In general, you want the reader to be able to picture in your mind the story you are telling them. So I want to know how it works for this guy in sports.

    What does he do to overcome his -- what -- lack of leg strength?

    Does he have favorite moves in wrestling? Things he avoids?

    I have seen guys in wheelchairs wrestle. A teammate would carry him onto the mat or he would crawl on his hands. Describe something like that rather than the more generic "work ethic." I can't really picture work ethic in my mind.

    Good luck.
  5. WritersOnTheStorm

    WritersOnTheStorm New Member

    Hi Knabhan,

    You write very well for a freshman. Ace gave you a good feature critique. I'll tackle the gamer, and these suggestions apply across any sport, not just hockey.

    * Eighth paragraph is too low for the final score. Should be first or second. Every time. Don't make readers work that hard.

    * What happened in the first period isn't relevant enough to be your second paragraph. That's something you can tweet for people following live, but it's stale by the time your story appears. Better to use it only if you're going to follow with something on the game as a whole: Miami had 14 shots on goal in the first period alone, only one fewer than in all of Friday's loss, and 34 for the game. But goalie Charlie Lindgren shut out the RedHawks after they took an early 1-0 lead. "He's never happy with a game unless it's a shutout," freshman Mikey Essiymont said.

    * We don't know your deadline situation, but if you have the time it might be better to focus on one of the less nuts-and-bolts angles. The keeper and his standards is a good one. The freshman scoring his first goal could be. A three-goal second period could be. St. Cloud picked sixth in preseason and opening conference play by sweeping the '15 tourney champion could be. Always think of one game in terms of how it fits into the bigger picture.

    * As a rule, use "said" for "said" every time. Even if it's boring. "Stated" shouldn't be used. Or exclaimed, chortled, opined ... "said" works just fine.

    * Again, very solid, especially for a freshman. Best of luck to you.
  6. knabhan

    knabhan New Member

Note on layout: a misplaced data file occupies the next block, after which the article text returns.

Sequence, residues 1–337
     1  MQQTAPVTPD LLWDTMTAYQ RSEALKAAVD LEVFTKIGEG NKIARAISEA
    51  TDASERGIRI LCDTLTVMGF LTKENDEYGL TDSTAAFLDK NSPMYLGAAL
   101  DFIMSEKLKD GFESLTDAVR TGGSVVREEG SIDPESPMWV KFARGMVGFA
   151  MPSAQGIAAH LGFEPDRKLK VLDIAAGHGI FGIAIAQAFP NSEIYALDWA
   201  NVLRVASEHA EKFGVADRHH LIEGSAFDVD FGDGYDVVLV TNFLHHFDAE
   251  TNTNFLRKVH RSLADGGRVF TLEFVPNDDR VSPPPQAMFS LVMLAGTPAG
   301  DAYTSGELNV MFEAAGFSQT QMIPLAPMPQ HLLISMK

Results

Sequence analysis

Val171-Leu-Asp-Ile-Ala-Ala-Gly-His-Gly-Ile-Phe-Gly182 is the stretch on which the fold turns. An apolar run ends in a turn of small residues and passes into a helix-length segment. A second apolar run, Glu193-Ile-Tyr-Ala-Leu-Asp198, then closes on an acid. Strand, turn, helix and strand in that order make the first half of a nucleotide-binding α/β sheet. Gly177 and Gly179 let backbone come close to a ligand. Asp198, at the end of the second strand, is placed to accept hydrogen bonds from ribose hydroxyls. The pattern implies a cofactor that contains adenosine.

Hey, thanks WritersOnTheStorm and Ace for the feedback. Writing is a craft that can always be improved, so thank you for the comments. I will definitely use these as I continue on my path. Thank you!
  7. BDC99

    BDC99 Well-Known Member

    Bookmarked. Way too late now but I'll give them a read and chime in tomorrow.
  8. knabhan

    knabhan New Member

    Thank you!
  9. BDC99

    BDC99 Well-Known Member

    Will be glad to help. Not enough guidance in the biz these days. Like what I see in skimming it quickly and you've gotten some good advice already I see. I've heard Ace is good enough to work at the Plain-Dealer! :)
    Ace likes this.
  10. knabhan

    knabhan New Member

    Right. Guidance is why I joined the forums. I've found myself critiquing my work heavily lately and wanted some feedback from professionals, hehe. Thank you once again!
    BDC99 likes this.
  11. BDC99

    BDC99 Well-Known Member

    OK, knab, I don't have much to add that hasn't already been covered. Your feature is good, but it leaves me wondering what sort of challenge this guy has faced, as Ace said. Other than telling me he has cerebral palsy, I don't get any sense of what he deals with, on or off the mat. And as for the game story, PBP is fine if you only have a short space to fill, but you really need to find a hook for the lead. Key play, key scorer or the goalie, as WritersontheStorm suggested. Also, never, ever put a score in your story before you state the final score. WOTS mentioned the score in his critique, and I STILL had trouble finding it. Your main goal in a game story is who won, who lost and what was the score? That should be in the second paragraph or so unless you are writing more of a feature-y type gamer. And even then, get it up high. Your writing is good, especially for a young writer, but you need to work on organizing things. It will come with practice and with critiques. Keep posting your stuff here, and some of us will be glad to help when we have the time.